January 18, 2012
Strong Demand Results in Seed Shortage for Safrinha Corn Crop
The farmers in Mato Grosso and in Parana are anxious to harvest their early-maturing soybeans so they can start planting the safrinha corn in a timely manner. The Mato Grosso Institute of Agricultural Economics (Imea) estimates that the safrinha corn acreage in the state will increase 25.8% and that the total production will increase 40%. If realized, the safrinha corn production in the state will total 9.8 million tons, which is significantly higher than the 6.9 million tons produced in 2010/11.
The increase in acreage has resulted in very tight supplies of available seed corn and higher prices. Farmers who have waited to purchase their seed corn are finding that the most popular hybrids have been sold out for weeks and they will have to settle for second tier or third their hybrids. The tight supplies have also caused the average price for seed corn in the state to jump 30% compared to last year.
Farmers in Mato Grosso will plant their safrinha corn after the harvest of early-maturing soybeans. The initial soybean harvest in the state started even before the end of December, but recent rainy weather has slowed the harvest pace such that only about 1% of the soybeans have been harvested. Normally by this time of the year 4% to 5% of the soybeans in the state would had been harvested.
The planting window for safrinha corn in Mato Grosso closes about the third week of February, so there is still time to plant the crop, but the earlier it is planted the higher the yield prospects. Farmers in the western part of the state are actually planning their safrinha cotton before the corn. safrinha cotton must be planted before the end of January and if rains continue to delay the soybean harvest, it is possible that some of the intended cotton acres could be switched to additional soybean production.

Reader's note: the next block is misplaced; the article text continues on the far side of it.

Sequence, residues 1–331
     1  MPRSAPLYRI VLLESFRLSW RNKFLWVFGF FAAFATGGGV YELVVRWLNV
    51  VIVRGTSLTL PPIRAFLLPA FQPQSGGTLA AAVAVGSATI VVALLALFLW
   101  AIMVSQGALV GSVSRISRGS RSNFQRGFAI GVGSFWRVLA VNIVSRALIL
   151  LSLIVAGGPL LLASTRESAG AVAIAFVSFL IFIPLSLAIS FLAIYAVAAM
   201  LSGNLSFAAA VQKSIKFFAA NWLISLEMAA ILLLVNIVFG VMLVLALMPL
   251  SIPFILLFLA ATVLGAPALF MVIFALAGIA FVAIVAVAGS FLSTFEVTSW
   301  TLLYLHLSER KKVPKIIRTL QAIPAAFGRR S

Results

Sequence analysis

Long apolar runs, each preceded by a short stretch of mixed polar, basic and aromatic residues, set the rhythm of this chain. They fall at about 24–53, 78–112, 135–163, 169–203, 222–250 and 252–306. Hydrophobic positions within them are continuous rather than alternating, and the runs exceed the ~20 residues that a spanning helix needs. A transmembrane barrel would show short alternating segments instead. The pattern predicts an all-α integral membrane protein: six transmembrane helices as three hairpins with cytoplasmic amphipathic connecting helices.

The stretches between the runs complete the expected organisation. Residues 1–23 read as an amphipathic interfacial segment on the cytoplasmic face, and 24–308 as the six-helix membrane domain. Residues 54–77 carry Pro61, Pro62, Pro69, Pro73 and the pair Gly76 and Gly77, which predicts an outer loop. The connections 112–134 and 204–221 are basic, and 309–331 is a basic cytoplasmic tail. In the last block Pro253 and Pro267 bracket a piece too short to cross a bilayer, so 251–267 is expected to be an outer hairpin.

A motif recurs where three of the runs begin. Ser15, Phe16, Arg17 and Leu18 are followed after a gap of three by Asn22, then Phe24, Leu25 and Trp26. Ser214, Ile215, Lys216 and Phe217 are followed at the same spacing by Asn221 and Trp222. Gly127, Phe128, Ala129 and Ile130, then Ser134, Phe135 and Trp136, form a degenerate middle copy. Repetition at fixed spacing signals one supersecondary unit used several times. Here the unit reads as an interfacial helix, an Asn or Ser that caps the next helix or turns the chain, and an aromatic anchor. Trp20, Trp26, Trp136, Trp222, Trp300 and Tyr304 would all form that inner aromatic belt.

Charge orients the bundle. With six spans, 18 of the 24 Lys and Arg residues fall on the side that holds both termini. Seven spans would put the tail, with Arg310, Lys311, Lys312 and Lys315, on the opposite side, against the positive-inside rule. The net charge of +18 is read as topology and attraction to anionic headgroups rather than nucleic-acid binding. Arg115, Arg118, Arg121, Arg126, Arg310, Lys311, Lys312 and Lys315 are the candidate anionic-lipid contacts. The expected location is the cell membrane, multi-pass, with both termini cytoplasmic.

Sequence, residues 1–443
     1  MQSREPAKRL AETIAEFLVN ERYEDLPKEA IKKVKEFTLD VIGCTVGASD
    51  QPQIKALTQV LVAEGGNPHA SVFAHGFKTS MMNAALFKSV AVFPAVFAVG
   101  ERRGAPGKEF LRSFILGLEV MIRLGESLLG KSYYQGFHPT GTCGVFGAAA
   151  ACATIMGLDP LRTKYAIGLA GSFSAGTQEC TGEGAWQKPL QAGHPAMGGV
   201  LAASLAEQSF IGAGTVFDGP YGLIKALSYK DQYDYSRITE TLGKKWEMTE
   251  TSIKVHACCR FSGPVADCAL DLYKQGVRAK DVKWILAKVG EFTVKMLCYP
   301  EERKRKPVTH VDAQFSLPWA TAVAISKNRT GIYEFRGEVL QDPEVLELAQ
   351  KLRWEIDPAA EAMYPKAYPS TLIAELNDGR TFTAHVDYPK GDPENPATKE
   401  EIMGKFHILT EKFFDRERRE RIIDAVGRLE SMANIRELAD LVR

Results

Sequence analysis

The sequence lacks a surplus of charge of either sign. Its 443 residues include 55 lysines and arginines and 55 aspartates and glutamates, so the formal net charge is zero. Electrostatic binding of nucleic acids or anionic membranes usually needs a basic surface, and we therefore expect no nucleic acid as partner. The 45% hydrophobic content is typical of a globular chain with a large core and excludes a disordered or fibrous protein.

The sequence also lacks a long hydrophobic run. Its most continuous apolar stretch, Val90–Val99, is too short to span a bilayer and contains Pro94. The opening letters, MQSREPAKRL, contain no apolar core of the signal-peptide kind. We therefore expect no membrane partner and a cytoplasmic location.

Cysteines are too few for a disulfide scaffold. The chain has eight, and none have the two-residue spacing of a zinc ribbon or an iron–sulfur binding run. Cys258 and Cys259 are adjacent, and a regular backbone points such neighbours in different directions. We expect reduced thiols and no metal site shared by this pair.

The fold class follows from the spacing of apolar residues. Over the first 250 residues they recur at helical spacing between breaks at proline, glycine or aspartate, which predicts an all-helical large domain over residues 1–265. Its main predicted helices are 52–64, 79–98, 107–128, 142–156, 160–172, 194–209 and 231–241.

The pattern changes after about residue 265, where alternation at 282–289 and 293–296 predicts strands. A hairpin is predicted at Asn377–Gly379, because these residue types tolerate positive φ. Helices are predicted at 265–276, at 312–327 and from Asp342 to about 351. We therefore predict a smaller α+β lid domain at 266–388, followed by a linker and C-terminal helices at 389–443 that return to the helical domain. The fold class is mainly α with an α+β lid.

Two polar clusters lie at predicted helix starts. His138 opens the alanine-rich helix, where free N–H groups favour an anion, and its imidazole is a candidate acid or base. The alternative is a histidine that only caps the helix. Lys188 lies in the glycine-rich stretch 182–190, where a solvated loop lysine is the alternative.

In southern Brazil farmers in Parana are also starting to plant the safrinha corn crop. A prolonged drought in the state has accelerated the maturity of the early maturing soybeans by about 10 days leading to an early start to the soybean harvest. Now that it has finally rained after two months of almost no rainfall at all, farmers want to take advantage of the soil moisture and plant their safrinha corn as quickly as possible.
Farmers have also been very aggressive in forward contracting their anticipated safrinha corn production. Through the second week of January, approximately 47.5% of the anticipated corn production in Mato Grosso had already been sold.